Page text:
The Ocean Ute has an automatic watering system to all decks, and no issues were observed during the voyage.


The Ocean Ute’s ventilation system delivers air to each pen by pipes with strategically located outlet holes. The ventilation seemed effective.

Pen conditions

Over the course of voyage, the pad condition ranged from soft to very sloppy. Early in the voyage, the pad condition appeared to be comfortable but particularly the lower decks became wet and very sloppy from day eight as the temperature and humidity increased. The first deck wash had to be pushed out to day 10 due to proximity to land. The decks appeared to be in an acceptable condition the rest of the voyage. All decks were washed twice during the voyage. The deck washing improved the pad condition and the cattle appeared to be more comfortable.

Bedding was loaded on the vessel in accordance with the ASEL requirements. Some bedding was spread on the ramps and alleys, however was not spread in pens at loading. The bedding was used following the last wash down closer to unloading.

Health and welfare

Over the course of the voyage, the cattle were subject to a wide variation of weather and sea conditions.

The weather during loading at Portland was wet and cold (temperature below 10 degrees Celsius).  The temperature and humidity increased as the vessel travelled north. Humidity reached a maximum of 86 per cent (in conjunction with 32 degrees Celsius) on Day 6. The initial pen wash occurred on day 10 and improved the conditions for the cattle. The temperatures and humidity remained similar (without any relief at night) until day 15 of the voyage.

After day 15 of the voyage, the temperature decreased on a daily basis. By day 17, the temperature on the deck was around zero. The heat/humidity and subsequent cold temperatures appeared to adversely affect the health of some of the cattle, particularly those in poorer condition.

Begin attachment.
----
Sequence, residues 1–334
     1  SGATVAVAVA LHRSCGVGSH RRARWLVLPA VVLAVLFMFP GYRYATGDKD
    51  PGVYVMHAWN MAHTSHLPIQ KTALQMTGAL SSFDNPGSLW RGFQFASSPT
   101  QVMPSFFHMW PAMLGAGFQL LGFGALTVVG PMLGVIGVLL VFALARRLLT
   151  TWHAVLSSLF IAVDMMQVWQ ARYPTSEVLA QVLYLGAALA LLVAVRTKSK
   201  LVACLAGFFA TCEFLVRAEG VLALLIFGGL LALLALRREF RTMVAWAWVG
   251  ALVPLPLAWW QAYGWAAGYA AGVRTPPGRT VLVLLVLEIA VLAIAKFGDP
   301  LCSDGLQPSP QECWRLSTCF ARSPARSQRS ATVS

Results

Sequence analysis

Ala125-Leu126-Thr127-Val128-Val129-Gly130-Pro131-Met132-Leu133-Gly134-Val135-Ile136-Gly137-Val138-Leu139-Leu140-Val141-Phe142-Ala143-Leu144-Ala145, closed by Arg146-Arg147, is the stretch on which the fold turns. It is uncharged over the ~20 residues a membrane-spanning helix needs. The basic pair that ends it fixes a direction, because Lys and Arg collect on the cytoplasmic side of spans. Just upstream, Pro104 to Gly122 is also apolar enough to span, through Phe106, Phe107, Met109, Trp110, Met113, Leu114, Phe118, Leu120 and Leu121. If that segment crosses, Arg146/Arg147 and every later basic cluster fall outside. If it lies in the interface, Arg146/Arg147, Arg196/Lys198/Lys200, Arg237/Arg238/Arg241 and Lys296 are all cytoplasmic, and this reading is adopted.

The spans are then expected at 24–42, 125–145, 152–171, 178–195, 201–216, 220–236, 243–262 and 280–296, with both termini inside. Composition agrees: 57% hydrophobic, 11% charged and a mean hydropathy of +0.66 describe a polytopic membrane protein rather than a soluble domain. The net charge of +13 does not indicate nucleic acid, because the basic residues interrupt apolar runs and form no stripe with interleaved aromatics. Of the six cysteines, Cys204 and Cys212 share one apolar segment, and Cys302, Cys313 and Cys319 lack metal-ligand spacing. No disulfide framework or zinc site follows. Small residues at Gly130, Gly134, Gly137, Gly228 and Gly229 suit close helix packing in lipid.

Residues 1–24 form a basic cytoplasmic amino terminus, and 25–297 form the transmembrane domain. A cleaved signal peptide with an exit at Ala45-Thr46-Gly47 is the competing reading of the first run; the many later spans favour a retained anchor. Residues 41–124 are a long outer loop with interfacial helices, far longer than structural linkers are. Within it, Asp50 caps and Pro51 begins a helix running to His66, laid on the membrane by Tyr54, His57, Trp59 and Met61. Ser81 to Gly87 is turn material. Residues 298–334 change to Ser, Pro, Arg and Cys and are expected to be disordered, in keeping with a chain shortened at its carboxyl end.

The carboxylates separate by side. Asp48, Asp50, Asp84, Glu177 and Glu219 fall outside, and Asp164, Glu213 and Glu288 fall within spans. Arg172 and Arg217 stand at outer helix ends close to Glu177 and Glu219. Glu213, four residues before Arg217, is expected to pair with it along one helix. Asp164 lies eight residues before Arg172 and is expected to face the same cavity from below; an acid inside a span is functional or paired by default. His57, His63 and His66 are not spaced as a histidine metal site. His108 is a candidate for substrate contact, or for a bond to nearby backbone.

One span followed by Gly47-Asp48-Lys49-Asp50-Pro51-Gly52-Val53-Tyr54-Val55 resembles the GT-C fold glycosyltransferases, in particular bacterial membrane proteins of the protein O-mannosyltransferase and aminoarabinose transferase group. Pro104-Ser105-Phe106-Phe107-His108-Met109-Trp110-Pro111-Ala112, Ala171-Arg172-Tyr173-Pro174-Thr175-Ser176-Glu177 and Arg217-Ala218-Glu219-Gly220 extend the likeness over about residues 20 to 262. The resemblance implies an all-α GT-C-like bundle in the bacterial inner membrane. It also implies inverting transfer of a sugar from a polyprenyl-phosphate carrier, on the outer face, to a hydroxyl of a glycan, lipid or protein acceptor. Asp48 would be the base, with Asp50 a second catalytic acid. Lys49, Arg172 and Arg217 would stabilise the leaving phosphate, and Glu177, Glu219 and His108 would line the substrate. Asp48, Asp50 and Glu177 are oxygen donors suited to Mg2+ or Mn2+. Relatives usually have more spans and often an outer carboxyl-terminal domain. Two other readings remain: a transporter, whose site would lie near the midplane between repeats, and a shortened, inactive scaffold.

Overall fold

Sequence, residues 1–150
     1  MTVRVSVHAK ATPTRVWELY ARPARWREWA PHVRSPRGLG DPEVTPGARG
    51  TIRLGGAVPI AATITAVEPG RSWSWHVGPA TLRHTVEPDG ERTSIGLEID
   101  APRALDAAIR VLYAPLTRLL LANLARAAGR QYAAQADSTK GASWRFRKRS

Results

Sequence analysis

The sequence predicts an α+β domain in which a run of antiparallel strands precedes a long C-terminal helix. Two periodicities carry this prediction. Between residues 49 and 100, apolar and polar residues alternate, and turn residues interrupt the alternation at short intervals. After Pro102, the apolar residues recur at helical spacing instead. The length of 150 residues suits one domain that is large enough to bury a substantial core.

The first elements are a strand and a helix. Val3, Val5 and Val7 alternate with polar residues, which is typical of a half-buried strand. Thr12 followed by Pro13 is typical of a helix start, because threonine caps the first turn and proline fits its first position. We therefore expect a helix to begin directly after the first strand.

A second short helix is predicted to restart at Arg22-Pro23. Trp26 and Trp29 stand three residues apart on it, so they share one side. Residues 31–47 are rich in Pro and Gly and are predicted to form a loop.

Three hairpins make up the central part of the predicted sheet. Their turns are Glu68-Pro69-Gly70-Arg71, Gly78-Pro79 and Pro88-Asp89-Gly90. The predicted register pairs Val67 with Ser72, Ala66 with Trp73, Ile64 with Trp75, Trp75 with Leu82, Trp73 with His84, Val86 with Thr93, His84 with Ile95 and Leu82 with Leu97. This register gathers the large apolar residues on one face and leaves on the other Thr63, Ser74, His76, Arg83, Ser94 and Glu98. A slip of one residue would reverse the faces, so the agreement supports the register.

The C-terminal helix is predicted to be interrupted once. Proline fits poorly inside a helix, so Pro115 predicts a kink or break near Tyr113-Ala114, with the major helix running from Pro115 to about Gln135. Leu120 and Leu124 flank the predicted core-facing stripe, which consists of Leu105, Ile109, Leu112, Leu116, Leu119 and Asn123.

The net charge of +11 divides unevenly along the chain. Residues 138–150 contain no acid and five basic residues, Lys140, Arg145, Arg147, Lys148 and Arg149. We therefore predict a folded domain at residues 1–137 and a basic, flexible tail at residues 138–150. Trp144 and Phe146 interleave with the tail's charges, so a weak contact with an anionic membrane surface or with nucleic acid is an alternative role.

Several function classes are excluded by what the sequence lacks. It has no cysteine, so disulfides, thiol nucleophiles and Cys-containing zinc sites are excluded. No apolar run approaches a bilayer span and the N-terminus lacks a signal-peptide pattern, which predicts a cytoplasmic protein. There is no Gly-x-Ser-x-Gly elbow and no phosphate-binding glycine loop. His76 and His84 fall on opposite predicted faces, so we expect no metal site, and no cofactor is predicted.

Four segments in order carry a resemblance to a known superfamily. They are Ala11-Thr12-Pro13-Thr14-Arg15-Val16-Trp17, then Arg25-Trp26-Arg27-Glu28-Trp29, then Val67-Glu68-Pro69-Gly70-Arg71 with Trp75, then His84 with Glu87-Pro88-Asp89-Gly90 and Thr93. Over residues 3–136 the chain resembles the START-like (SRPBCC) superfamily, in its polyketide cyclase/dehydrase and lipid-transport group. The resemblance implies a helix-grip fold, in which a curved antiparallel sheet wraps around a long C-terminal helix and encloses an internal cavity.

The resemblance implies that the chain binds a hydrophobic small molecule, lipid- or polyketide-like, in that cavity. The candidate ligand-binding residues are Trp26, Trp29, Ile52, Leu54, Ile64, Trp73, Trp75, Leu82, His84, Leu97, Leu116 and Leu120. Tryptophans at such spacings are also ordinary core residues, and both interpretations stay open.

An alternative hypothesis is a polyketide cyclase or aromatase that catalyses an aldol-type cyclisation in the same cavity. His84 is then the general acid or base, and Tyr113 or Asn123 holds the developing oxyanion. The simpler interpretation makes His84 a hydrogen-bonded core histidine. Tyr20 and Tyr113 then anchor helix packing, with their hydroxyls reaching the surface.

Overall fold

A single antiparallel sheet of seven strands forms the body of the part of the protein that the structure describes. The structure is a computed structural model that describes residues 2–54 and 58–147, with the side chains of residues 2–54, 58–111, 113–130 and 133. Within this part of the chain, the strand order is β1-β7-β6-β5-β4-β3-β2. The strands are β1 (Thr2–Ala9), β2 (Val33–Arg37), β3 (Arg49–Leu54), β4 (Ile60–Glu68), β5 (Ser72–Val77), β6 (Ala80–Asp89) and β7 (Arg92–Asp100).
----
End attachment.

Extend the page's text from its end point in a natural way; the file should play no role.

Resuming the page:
The sea conditions were rough for the first two days and nights improving as the vessel travelled north. The conditions were calm through the tropics but were rough between days 12 and 17.

A significant number of cattle became lame during the voyage. The stockperson treated the lame cattle with varying success. Some of the lame cattle were unable to rise or seemed to develop Bovine Respiratory Disease (BRD).

There were 47 mortalities (mortality rate was 0.84 per cent – reportable level is 1.0 per cent). The main causes of the mortalities were mainly lame cattle that were unable to rise and BRD.

Overall the vessel was loaded in accordance with the stocking densities in the ASEL, although some pens were not available for holding cattle because they were used for fodder storage. Throughout the voyage the stockperson amended the number of cattle in pens to optimise space and improve animal welfare as best as possible.


The cattle were fed on the morning of arrival. However whilst the vessel was discharging, the cattle appeared not to have been fed. The department has addressed this issue with the exporter.


The cattle were subject to adverse environmental conditions that included cold and wet conditions at loading, rough seas for approximately seven days in total, increased temperature and humidity in the tropics and conversely very cold conditions on arrival in China.

The adverse vessel management factors include the availability of fodder, sloppy pen conditions whilst subject to humid tropical environmental conditions and reduction of availability of some pens because of fodder storage.

Overall the environmental and vessel factors appeared to result in some lameness and subsequent mortalities, poor condition of the pad before the first wash and some loss of condition of shy feeders and lame cattle.

The two stockpersons did all they could to improve the conditions on the voyage and the majority of the cattle at discharge were in good condition.

Last reviewed: 4 November 2019